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§1.16 Distributions

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§1.16(i) Test Functions

Let ϕ be a function defined on an open interval I=(a,b), which can be infinite. The closure of the set of points where ϕ0 is called the support of ϕ. If the support of ϕ is a compact set (§1.9(vii)), then ϕ is called a function of compact support. A test function is an infinitely differentiable function of compact support.

A sequence {ϕn} of test functions converges to a test function ϕ if the support of every ϕn is contained in a fixed compact set K and as n the sequence {ϕn(k)} converges uniformly on K to ϕ(k) for k=0,1,2,.

The linear space of all test functions with the above definition of convergence is called a test function space. We denote it by 𝒟(I).

A mapping Λ on 𝒟(I) is a linear functional if it takes complex values and

1.16.1 Λ(α1ϕ1+α2ϕ2)=α1Λ(ϕ1)+α2Λ(ϕ2),

where α1 and α2 are real or complex constants. Λ:𝒟(I) is called a distribution if it is a continuous linear functional on 𝒟(I), that is, it is a linear functional and for every ϕnϕ in 𝒟(I),

1.16.2 limnΛ(ϕn)=Λ(ϕ).

From here on we write Λ,ϕ for Λ(ϕ). The space of all distributions will be denoted by 𝒟*(I). A distribution Λ is called regular if there is a function f on I, which is absolutely integrable on every compact subset of I, such that

1.16.3 Λ,ϕ=If(x)ϕ(x)x.

We denote a regular distribution by Λf, or simply f, where f is the function giving rise to the distribution. (If a distribution is not regular, it is called singular.)

Define

1.16.4 Λ1+Λ2,ϕ=Λ1,ϕ+Λ2,ϕ,
1.16.5 cΛ,ϕ=cΛ,ϕ=Λ,cϕ,

where c is a constant. More generally, if α(x) is an infinitely differentiable function, then

1.16.6 αΛ,ϕ=Λ,αϕ.

We say that a sequence of distributions {Λn} converges to a distribution Λ in 𝒟* if

1.16.7 limnΛn,ϕ=Λ,ϕ

for all ϕ𝒟(I).

§1.16(ii) Derivatives of a Distribution

The derivative Λ of a distribution is defined by

1.16.8 Λ,ϕ=-Λ,ϕ,
ϕ𝒟(I).

Similarly

1.16.9 Λ(k),ϕ=(-1)kΛ,ϕ(k),
k=1,2,.

For any locally integrable function f, its distributional derivative is Df=Λf.

§1.16(iii) Dirac Delta Distribution

1.16.10 δ,ϕ =ϕ(0),
ϕ𝒟(I),
1.16.11 δx0,ϕ =ϕ(x0),
ϕ𝒟(I),
1.16.12 δx0(n),ϕ =(-1)nϕ(n)(x0),
ϕ𝒟(I).

The Dirac delta distribution is singular.

§1.16(iv) Heaviside Function

1.16.13 H(x) ={1,x>0,0,x0.
1.16.14 H(x-x0) ={1,x>x0,0,xx0.
1.16.15 DH =δ,
1.16.16 DH(x-x0) =δx0.

Suppose f(x) is infinitely differentiable except at x0, where left and right derivatives of all orders exist, and

1.16.17 σn=f(n)(x0+)-f(n)(x0-).

Then

1.16.18 Dmf=f(m)+σ0δx0(m-1)+σ1δx0(m-2)++σm-1δx0,
m=1,2,.

For α>-1,

1.16.19 x+α=xαH(x)={xα,x>0,0,x0.

For α>0,

1.16.20 Dx+α=αx+α-1.

For α<-1 and α not an integer, define

1.16.21 x+α=1(α+1)nDnx+α+n,

where n is an integer such that α+n>-1. Similarly, we write

1.16.22 ln+x=H(x)lnx={lnx,x>0,0,x0,

and define

1.16.23 (-1)nn!x+-1-n=D(n+1)ln+x,
n=0,1,2,.

§1.16(v) Tempered Distributions

The space 𝒯() of test functions for tempered distributions consists of all infinitely-differentiable functions such that the function and all its derivatives are O(|x|-N) as |x| for all N.

A sequence {ϕn} of functions in 𝒯 is said to converge to a function ϕ𝒯 as n if the sequence {ϕn(k)} converges uniformly to ϕ(k) on every finite interval and if the constants ck,N in the inequalities

1.16.24 |xNϕn(k)|ck,N

do not depend on n.

A tempered distribution is a continuous linear functional Λ on 𝒯. (See the definition of a distribution in §1.16(i).) The set of tempered distributions is denoted by 𝒯*.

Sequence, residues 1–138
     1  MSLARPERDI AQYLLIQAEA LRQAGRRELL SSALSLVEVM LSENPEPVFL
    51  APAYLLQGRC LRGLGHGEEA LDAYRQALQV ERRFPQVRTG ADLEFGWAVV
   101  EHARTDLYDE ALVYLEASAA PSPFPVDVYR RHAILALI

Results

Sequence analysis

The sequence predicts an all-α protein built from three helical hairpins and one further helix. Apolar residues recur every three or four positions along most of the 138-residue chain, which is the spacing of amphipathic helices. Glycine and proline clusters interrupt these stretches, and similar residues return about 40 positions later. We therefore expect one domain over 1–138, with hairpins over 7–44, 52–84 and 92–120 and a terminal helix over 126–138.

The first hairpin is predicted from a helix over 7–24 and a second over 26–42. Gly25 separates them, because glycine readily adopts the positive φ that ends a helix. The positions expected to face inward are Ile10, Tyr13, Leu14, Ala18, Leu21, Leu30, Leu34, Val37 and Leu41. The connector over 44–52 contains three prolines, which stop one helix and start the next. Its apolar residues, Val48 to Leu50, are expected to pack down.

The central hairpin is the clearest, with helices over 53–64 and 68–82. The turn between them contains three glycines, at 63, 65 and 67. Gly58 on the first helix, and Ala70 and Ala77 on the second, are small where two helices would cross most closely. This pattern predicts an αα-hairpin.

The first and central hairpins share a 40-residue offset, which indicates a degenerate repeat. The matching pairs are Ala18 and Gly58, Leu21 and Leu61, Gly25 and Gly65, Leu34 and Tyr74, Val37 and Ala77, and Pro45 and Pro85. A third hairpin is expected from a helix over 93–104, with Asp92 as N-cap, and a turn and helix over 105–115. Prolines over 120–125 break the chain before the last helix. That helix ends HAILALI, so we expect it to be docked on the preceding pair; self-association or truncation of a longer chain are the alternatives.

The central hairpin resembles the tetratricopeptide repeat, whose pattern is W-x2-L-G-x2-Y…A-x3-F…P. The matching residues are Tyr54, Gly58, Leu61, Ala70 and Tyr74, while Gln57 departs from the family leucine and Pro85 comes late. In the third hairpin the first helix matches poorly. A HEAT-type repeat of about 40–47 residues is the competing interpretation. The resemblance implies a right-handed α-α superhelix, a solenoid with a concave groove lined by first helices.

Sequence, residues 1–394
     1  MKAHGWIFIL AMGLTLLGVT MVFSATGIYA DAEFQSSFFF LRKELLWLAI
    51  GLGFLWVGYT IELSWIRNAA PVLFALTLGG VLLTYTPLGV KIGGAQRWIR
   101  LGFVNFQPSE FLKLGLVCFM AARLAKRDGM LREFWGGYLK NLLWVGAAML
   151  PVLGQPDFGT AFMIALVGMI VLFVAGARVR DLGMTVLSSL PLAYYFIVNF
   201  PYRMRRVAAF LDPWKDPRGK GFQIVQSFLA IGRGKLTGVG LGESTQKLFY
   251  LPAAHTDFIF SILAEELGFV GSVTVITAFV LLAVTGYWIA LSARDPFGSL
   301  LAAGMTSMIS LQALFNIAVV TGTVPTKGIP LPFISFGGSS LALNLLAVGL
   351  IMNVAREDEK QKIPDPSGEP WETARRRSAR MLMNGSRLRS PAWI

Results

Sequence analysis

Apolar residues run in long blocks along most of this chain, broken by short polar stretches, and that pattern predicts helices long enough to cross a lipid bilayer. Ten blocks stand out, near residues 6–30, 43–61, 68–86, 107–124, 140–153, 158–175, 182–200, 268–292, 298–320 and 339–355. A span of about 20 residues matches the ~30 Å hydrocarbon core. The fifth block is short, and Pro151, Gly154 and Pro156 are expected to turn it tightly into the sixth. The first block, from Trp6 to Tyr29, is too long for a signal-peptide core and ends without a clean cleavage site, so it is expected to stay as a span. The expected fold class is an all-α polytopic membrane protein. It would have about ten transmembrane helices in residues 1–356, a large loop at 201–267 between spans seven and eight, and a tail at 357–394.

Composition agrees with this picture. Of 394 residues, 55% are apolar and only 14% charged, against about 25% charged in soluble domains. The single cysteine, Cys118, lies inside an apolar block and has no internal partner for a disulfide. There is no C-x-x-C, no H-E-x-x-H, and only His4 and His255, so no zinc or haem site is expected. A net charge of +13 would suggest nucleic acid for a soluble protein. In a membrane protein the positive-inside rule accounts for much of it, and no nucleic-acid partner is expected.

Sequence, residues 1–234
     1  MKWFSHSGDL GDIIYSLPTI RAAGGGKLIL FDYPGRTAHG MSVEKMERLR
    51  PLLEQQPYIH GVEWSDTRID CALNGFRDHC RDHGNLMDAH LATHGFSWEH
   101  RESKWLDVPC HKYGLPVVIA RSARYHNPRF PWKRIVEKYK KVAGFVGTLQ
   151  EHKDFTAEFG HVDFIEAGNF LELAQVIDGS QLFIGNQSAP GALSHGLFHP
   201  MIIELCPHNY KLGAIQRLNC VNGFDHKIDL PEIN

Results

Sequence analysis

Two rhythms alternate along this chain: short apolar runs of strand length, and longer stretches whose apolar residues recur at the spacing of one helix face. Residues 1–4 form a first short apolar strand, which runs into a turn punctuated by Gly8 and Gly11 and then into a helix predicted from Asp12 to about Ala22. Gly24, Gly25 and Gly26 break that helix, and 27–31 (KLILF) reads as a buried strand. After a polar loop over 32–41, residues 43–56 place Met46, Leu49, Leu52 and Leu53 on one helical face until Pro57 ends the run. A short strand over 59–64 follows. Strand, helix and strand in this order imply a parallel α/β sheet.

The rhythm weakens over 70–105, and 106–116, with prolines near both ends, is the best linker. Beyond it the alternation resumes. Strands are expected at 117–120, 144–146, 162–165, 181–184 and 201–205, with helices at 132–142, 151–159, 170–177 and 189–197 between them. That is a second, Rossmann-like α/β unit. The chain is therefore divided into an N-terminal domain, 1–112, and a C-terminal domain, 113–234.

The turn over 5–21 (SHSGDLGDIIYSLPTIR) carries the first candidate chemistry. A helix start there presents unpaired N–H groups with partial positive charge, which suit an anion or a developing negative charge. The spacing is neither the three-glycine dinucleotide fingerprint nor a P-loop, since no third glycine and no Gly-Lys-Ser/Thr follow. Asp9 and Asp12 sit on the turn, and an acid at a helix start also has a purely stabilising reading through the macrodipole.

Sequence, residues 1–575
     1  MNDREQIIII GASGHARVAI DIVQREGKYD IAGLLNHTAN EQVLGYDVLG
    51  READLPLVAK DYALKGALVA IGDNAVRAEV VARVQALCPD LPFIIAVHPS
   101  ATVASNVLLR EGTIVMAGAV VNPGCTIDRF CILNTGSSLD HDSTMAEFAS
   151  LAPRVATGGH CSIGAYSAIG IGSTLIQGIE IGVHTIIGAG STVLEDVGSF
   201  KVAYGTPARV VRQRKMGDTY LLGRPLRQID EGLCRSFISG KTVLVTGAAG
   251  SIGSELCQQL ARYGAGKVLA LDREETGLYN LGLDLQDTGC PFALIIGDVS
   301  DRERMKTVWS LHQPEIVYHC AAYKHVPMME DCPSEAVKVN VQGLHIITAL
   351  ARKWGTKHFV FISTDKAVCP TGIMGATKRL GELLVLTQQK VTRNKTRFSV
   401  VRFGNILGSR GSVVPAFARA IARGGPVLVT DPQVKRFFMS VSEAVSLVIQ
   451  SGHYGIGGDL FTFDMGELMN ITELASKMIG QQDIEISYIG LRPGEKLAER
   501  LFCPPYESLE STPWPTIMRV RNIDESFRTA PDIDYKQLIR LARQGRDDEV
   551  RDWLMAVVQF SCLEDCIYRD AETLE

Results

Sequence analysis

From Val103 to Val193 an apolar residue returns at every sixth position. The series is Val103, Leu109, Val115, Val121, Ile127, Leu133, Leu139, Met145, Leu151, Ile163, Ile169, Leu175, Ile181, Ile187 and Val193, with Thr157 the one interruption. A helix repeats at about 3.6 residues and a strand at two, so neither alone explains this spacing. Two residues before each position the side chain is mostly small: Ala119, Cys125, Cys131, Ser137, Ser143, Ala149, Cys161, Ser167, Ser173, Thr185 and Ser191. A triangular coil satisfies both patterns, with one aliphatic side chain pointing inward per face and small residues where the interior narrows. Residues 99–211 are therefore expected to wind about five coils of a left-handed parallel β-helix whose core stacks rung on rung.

A sequence of tempered distributions Λn converges to Λ in 𝒯* if

1.16.25 limnΛn,ϕ=Λ,ϕ,

for all ϕ𝒯.

The derivatives of tempered distributions are defined in the same way as derivatives of distributions.

For a detailed discussion of tempered distributions see Lighthill (1958).

§1.16(vi) Distributions of Several Variables

Let 𝒟(n)=𝒟n be the set of all infinitely differentiable functions in n variables, ϕ(x1,x2,,xn), with compact support in n. If k=(k1,,kn) is a multi-index and x=(x1,,xn)n, then we write xk=x1k1xnkn and ϕ(k)(x)=kϕ/(x1k1xnkn). A sequence {ϕm} of functions in 𝒟n converges to a function ϕ𝒟n if the supports of ϕm lie in a fixed compact subset K of n and ϕm(k) converges uniformly to ϕ(k) in K for every multi-index k=(k1,k2,,kn). A distribution in n is a continuous linear functional on 𝒟n.

The partial derivatives of distributions in n can be defined as in §1.16(ii). A locally integrable function f(x)=f(x1,x2,,xn) gives rise to a distribution Λf defined by

1.16.26 Λf,ϕ=nf(x)ϕ(x)x,
ϕ𝒟n.

The distributional derivative Dkf of f is defined by

1.16.27 Dkf,ϕ=(-1)|k|nf(x)ϕ(k)(x)x,
ϕ𝒟n,

where k is a multi-index and |k|=k1+k2++kn.

For tempered distributions the space of test functions 𝒯n is the set of all infinitely-differentiable functions ϕ of n variables that satisfy

1.16.28 |xmϕ(k)(x)|cm,k,
xn.

Here m=(m1,m2,,mn) and k=(k1,k2,,kn) are multi-indices, and cm,k are constants. Tempered distributions are continuous linear functionals on this space of test functions. The space of tempered distributions is denoted by 𝒯n*.

§1.16(vii) Fourier Transforms of Distributions

Suppose ϕ is a test function in 𝒯n. Then its Fourier transform is

1.16.29 F(x)=F=1(2π)n/2nϕ(t)xtt,

where x=(x1,x2,,xn) and xt=x1t1++xntn. F(x) is also in 𝒯n. For a multi-index α=(α1,α2,,αn), set |α|=α1+α2++αn and

1.16.30 Dα=-|α|Dα=(1x1)α1(1xn)αn,
1.16.31 P(x)=P=cαxα=cαx1α1xnαn,

and

1.16.32 P(D)=cαDα.

Then

1.16.33 1(2π)n/2n(P(D)ϕ)(t)xtt=P(-x)F(x),

and

1.16.34 1(2π)n/2nP(t)ϕ(t)xtt=P(D)F(x).

If u𝒯n* is a tempered distribution, then its Fourier transform (u) is defined by

1.16.35 (u),ϕ=u,F,
ϕ𝒯n,

where F is given by (1.16.29). The Fourier transform (u) of a tempered distribution is again a tempered distribution, and

1.16.36 (P(D)u) =P(-x)(u),
1.16.37 (Pu) =P(D)(u).

In (1.16.36) and (1.16.37) the derivatives in P(D) are understood to be in the sense of distributions.